2016 Year in Review

Each year, jurisdictions face major disasters and emergencies that stress the Nation’s collective abilities and resources. These incidents test capabilities, play an important role in assessing progress toward achieving the Goal, and reveal where strengths in delivering these capabilities exist and gaps remain. A broad range of threats and hazards–including the ongoing public health crisis in Flint, MI; the mass shooting at the Pulse nightclub in Orlando, FL; and five named storms in rapid succession–informed several of the report’s key findings.

Supporting Disaster Survivors

In 2016, Federal agencies assisted in 46 major disaster declarations across 30 states, territories, and tribes; Federal agencies assisted with 50 instances of fire management across 19 states; and Federal agencies assisted with USDA-designated drought disasters for 1,025 counties across 42 states and territories.

Graphic on Supporting disaster survivors and capability development from the 2017 National Preparedness Report. Visual labeled “Supporting Disaster Survivors and Capability Development”. 3 different maps of the United States. The three maps are of Major disaster declarations (with a scale from 0 to 4), fire management assistance declarations (with a scale from 0 to 13), and drought designations (with a yes or no option). For major disaster declarations map, the conclusion is that in 2016, Federal agencies assisted in 46 major disaster declarations across 30 states, territories, and tribes. For Fire management assistance declarations map, the conclusion is that in 2016, Federal agencies assisted with 50 instances of fire management across 19 states. For the drought designations map, the conclusion is that In 2016, Federal agencies assisted with USDA-designated drought disasters for 1,025 countries across 42 states and territories.

Capability Development

In fiscal year 2016, the Federal Emergency Management Agency (FEMA) and the U.S. Department of Health and Human Services (HHS) provided more than $2.3 billion and $900 million, respectively, in preparedness grants. In fiscal year 2016, FEMA training programs achieved approximately 2.7 million course completions across all core capabilities.

 Planning, Operational Coordination, Public Information and Warning, Forensics and Attribution, intelligence and Information Sharing, interdiction and disruption, screening, search, and detection, access control and identify verification, cybersecurity, physical protective measures, rick management for protection programs and activities, supply chain integrity and security, threats and hazards identification, risk and disaster resilience assessment, community resilience, long-term vulnerability reduction, critical transportation, environmental response/health and safety, fatality management services, mass care services, mass search and rescue operations, on-scene security and protection, operational communications, public and private services and resources, public health and medical services, situational assessment, infrastructure systems, economic recovery, health and social services, housing, natural and cultural resources. Graph shows that most funding is given to planning and operational coordination capabilities, while recovery capabilities like housing and natural and cultural resources receive less than 1 million dollars in grant funding.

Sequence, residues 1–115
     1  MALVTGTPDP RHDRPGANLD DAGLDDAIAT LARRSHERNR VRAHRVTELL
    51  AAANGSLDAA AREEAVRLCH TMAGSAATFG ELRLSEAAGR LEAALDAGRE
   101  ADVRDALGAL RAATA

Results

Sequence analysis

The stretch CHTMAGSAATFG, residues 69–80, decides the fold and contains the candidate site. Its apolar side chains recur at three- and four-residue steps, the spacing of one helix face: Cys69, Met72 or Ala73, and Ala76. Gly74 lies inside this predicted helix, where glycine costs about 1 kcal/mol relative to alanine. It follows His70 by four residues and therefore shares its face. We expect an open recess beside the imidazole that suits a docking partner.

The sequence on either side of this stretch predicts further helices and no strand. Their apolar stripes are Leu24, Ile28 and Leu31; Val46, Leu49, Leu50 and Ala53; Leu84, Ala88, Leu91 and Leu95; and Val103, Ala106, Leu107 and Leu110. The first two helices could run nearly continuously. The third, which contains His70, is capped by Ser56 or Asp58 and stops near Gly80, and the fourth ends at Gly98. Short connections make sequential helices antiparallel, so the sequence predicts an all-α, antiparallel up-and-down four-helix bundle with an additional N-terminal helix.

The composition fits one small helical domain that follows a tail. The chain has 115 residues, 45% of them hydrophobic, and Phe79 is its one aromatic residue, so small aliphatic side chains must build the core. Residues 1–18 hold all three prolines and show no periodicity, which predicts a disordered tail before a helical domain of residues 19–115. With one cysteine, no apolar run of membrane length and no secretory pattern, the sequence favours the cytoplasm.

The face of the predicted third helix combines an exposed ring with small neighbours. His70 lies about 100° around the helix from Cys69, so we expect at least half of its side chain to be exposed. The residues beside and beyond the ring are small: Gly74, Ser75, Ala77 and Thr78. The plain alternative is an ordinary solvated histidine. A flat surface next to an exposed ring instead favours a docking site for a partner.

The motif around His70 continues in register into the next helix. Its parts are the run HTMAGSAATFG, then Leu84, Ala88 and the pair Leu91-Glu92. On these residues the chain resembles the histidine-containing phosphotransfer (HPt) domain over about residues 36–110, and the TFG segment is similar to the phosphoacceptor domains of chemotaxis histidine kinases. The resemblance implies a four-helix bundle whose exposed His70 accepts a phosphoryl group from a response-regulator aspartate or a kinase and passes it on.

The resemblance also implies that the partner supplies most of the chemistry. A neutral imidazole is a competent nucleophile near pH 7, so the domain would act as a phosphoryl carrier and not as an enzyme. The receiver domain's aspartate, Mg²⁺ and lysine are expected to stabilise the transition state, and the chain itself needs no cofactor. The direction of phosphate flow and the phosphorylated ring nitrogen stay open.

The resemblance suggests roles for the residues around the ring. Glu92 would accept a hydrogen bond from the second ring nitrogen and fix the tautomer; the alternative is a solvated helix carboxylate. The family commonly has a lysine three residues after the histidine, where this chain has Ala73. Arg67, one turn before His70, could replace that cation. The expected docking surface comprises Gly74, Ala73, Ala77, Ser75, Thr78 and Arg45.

Cross-cutting Findings

The 2017 National Preparedness Report identifies four cross-cutting findings—stretching across the five mission areas—through the evaluation of preparedness indicators (e.g., training participation, exercise frequency) that apply to all 32 core capabilities; assessments submitted by states and territories; and analysis provided by Federal agencies.

  • Environmental Response/Health and Safety, Intelligence and Information Sharing, Operational Communications, Operational Coordination, and Planning are five core capabilities in which the Nation has developed proficiency, but in which it likely faces a future capability gap.
  • Cybersecurity, Economic Recovery, Housing, Infrastructure Systems, Natural and Cultural Resources, and Supply Chain Integrity and Security remain national areas for improvement. One additional core capability—Risk Management for Protection Programs and Activities—emerged as a new area for improvement in 2016.
  • States and territories reported similar levels of capability compared to 2015, highlighting that larger-scale preparedness investments are necessary to drive major improvements on an annual basis; since 2012, states and territories reported proficiency increases in the Mitigation mission area, but proficiency decreases in the Prevention, Protection, and Recovery mission areas.
  • Exercises conducted under NEP tested all 32 core capabilities, and especially highlighted improvements and lessons learned for Intelligence and Information Sharing, Public Information and Warning, and Operational Coordination, as well as core capabilities in the Recovery mission area.

The 2012-2017 National Preparedness Reports identified select core capabilities as national areas for improvement.

Core Capabilities201220132014201520162017
Access Control and Identity Verification     
Cybersecurity
Economic Recovery 
Health and Social Services   
Housing
Infrastructure Systems